Research Article | Open Access
Ping Peng, Yongqiang Lan, Juxiang Luo, "Modified Silica Incorporating into PDMS Polymeric Membranes for Bioethanol Selection", Advances in Polymer Technology, vol. 2019, Article ID 5610282, 8 pages, 2019. https://doi.org/10.1155/2019/5610282
Modified Silica Incorporating into PDMS Polymeric Membranes for Bioethanol Selection
In this work, polydimethylsiloxane (PDMS) polymeric membranes were fabricated by incorporating fumed silica nanoparticles which were functionalized with two silane coupling agents—NH2(CH2)3Si(OC2H5)3 (APTS) and NH2(CH2)2NH(CH2)3Si(OC2H5)3 (TSED)—for selective removal of ethanol from aqueous solutions via pervaporation. It was demonstrated that large agglomerates were not observed indicating the uniform distribution of modified silica throughout the PDMS matrices. It is noted that the ethanol diffusivity and the water contact angles were both increased remarkably, being beneficial to the preferential permeation of ethanol through the membranes. The pervaporation results showed that the addition of the two types of modified silica nanoparticles dramatically enhanced both the permeability and selectivity of hybrid membranes. Compared to APTS, silica modified by TSED at the concentration of 4 wt. % resulted in the optimum pervaporation membranes with the maximum separation factor of 12.09 and the corresponding permeation flux of approximately 234.0 g·m−2·h−1 in a binary aqueous mixture at 40°C containing 10 wt. % ethanol. The observation will benefit the choice of coupling agents to improve the compatibility between hydrophilic fillers and hydrophobic polymers in preparing mixed matrix membranes.
With the aggravation of environmental pollution and the rising of the oil crisis, the clean energy, such as bioethanol, produced by biomass fermentation has got more and more attention . In practice, producing ethanol with traditional fermentation usually produces around 8 wt. % ethanol aqueous solutions since higher ethanol concentration will restrain the reproduction of saccharomyces cerevisiae in fermentation broths, even kill them, and finally stop fermenting [2, 3]. In order to improve the ethanol productivity, an alternative approach is that the ethanol could be continuously and efficiently removed from the fermentation feed. Pervaporation as a membrane separation process is an attractive technique in terms of energy and cost efficiency as compared with broadly utilized separation methods (such as distillation and gas stripping) [4, 5]. This process allows desirable components to preferentially permeate through a membrane impulse driven by a difference in chemical potentials. Apparently, the membrane material is one of the most important key elements in the pervaporation equipment. In the particular application of ethanol recovery, polydimethylsiloxane (PDMS) is the most promising membrane material in terms of its hydrophobicity [6, 7], and its pervaporation membranes have been commercialized, such as PERVAP 4060 manufactured by Sulzer Chemtech and PolyAn produced by PolyAn GmbH . Unfortunately, a drawback is that the ethanol-water selectivity for pure PDMS membranes is generally less than 10.8 .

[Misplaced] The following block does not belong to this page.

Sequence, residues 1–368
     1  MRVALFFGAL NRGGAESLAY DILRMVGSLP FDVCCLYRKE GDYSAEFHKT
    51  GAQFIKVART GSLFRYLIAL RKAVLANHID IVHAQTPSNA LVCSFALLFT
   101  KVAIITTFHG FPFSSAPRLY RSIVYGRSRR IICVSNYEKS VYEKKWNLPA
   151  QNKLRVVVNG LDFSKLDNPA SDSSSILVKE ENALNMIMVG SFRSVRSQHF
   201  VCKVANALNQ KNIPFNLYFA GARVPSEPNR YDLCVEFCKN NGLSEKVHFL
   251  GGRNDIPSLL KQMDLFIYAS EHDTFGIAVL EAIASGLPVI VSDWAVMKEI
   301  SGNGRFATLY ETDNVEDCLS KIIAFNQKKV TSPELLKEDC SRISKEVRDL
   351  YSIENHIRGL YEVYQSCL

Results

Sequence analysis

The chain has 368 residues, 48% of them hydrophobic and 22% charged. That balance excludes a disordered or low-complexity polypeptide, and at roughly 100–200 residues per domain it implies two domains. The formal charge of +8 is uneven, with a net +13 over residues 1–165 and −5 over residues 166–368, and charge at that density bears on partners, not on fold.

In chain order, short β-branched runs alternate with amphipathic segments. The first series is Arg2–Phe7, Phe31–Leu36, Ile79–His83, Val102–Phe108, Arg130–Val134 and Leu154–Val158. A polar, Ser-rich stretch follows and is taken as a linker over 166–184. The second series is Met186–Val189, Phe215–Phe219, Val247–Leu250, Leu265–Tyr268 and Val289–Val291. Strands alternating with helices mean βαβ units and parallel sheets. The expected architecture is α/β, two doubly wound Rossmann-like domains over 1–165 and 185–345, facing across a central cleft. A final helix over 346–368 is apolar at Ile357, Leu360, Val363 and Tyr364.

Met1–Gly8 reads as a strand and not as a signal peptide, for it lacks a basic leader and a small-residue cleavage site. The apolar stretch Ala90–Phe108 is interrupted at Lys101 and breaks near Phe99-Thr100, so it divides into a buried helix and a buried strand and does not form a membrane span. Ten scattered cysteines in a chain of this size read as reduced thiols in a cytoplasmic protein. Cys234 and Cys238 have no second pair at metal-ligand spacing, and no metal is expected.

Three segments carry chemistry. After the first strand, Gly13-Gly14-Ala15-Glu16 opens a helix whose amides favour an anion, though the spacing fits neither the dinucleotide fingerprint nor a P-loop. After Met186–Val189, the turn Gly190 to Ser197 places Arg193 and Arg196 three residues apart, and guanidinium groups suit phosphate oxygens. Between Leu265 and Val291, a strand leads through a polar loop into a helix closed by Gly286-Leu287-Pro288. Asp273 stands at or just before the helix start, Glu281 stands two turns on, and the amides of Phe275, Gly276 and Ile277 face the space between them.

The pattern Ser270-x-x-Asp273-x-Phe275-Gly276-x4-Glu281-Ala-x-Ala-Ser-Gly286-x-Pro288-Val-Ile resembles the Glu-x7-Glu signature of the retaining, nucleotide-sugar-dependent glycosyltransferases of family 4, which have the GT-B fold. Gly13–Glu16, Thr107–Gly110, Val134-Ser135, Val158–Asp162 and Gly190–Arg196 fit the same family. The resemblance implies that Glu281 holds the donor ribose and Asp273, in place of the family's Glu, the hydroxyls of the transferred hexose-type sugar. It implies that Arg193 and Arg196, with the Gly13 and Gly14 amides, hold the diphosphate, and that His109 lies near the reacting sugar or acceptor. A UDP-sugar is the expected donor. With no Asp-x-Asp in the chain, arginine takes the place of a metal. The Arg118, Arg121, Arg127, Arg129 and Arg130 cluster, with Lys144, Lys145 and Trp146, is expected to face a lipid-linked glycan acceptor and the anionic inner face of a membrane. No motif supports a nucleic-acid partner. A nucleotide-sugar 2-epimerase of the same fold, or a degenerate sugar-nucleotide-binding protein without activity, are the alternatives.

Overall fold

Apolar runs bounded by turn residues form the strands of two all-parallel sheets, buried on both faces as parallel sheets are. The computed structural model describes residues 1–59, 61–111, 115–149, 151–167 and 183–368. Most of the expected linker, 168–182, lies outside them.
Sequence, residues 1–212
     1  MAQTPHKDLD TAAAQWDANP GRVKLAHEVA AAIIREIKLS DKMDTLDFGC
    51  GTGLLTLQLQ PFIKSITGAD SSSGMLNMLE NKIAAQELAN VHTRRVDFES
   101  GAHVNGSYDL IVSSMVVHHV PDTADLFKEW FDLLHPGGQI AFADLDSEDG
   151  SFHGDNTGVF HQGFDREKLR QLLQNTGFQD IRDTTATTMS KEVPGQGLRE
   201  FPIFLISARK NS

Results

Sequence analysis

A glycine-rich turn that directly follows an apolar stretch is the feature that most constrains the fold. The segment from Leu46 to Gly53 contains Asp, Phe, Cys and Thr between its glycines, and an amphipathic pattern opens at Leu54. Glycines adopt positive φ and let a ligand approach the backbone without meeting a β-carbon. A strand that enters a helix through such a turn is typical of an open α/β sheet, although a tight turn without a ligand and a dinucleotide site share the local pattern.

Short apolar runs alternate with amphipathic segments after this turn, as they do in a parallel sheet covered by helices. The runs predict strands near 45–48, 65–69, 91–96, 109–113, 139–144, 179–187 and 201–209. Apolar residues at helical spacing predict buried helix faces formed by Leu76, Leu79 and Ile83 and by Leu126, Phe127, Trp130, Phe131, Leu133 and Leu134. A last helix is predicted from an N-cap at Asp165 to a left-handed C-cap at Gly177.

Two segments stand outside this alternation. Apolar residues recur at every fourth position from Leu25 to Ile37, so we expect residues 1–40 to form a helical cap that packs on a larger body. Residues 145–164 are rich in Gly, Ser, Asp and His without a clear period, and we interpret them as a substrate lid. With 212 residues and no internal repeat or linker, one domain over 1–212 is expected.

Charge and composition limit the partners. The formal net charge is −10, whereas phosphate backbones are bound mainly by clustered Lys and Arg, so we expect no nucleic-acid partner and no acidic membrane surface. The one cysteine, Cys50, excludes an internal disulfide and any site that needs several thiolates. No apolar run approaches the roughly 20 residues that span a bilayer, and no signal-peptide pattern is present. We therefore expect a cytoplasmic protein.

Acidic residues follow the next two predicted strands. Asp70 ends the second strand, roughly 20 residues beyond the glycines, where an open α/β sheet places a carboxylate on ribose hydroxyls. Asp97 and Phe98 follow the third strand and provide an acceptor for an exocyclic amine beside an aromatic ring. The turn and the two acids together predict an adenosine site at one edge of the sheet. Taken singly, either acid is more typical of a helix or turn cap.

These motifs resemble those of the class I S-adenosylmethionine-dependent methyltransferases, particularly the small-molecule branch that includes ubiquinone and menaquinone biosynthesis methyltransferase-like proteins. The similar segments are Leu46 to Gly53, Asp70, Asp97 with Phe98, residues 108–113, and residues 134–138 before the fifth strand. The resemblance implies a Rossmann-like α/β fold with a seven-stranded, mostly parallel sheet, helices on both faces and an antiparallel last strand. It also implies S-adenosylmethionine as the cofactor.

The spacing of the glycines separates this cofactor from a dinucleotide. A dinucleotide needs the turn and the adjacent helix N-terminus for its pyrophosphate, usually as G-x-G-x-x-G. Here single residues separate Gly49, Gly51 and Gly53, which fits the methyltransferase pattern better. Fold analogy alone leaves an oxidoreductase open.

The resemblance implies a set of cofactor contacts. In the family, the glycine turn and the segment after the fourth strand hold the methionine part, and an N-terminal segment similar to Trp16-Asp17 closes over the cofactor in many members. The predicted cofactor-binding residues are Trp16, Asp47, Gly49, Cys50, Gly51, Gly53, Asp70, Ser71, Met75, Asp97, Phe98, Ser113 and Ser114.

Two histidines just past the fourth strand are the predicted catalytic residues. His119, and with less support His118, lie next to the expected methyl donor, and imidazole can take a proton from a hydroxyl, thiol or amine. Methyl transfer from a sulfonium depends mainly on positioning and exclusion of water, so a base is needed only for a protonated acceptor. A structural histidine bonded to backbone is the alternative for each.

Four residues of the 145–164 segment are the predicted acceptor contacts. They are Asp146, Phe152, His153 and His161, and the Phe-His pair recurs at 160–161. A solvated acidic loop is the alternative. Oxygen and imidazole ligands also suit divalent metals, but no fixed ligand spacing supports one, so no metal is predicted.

For further improving the ethanol-water separation performances, an alternative approach is that the PDMS matrix has been mixed with various fillers, including zeolites (e.g., silicalite-1[10, 11] and ZSM-5), metal organic frameworks (MOFs) [13, 14], fumed silica [15, 16], polyphosphazene nanotubes , and carbon black . Fumed silica is an extremely important inorganic material, which is nontoxic and nonpolluting, possessing porous structure and high specific surface area [19, 20]. However, because of the existence of a broad range of hydroxy groups on its surface, the fumed silica nanoparticles in the PDMS matrix would form agglomerations resulting in the uneven distribution. It is therefore of great necessity to treat the surface of silica with chemical methods [21, 22]. Typically, silane coupling agents have been employed to enhance the hydrophobic property of silica in light of their bifunctional groups [15, 23, 24].
In this work, fumed silica nanoparticles after surface treatment by silane coupling agents were dispersed into PDMS matrix to fabricate hybrid membranes layered on cellulose acetate (CA) support membranes for recovering ethanol from water by pervaporation. To illustrate the influence of coupling agents on the separation performances, 3-aminopropyltriethoxysilane (NH2(CH2)3Si(OC2H5)3, APTS) and N-(3-triethoxysilylpropyl)ethylenediamine (NH2(CH2)2NH(CH2)3Si(OC2H5)3, TSED) were employed to modify the silica, and the effects of modified silica on the properties of hybrid membranes were evaluated.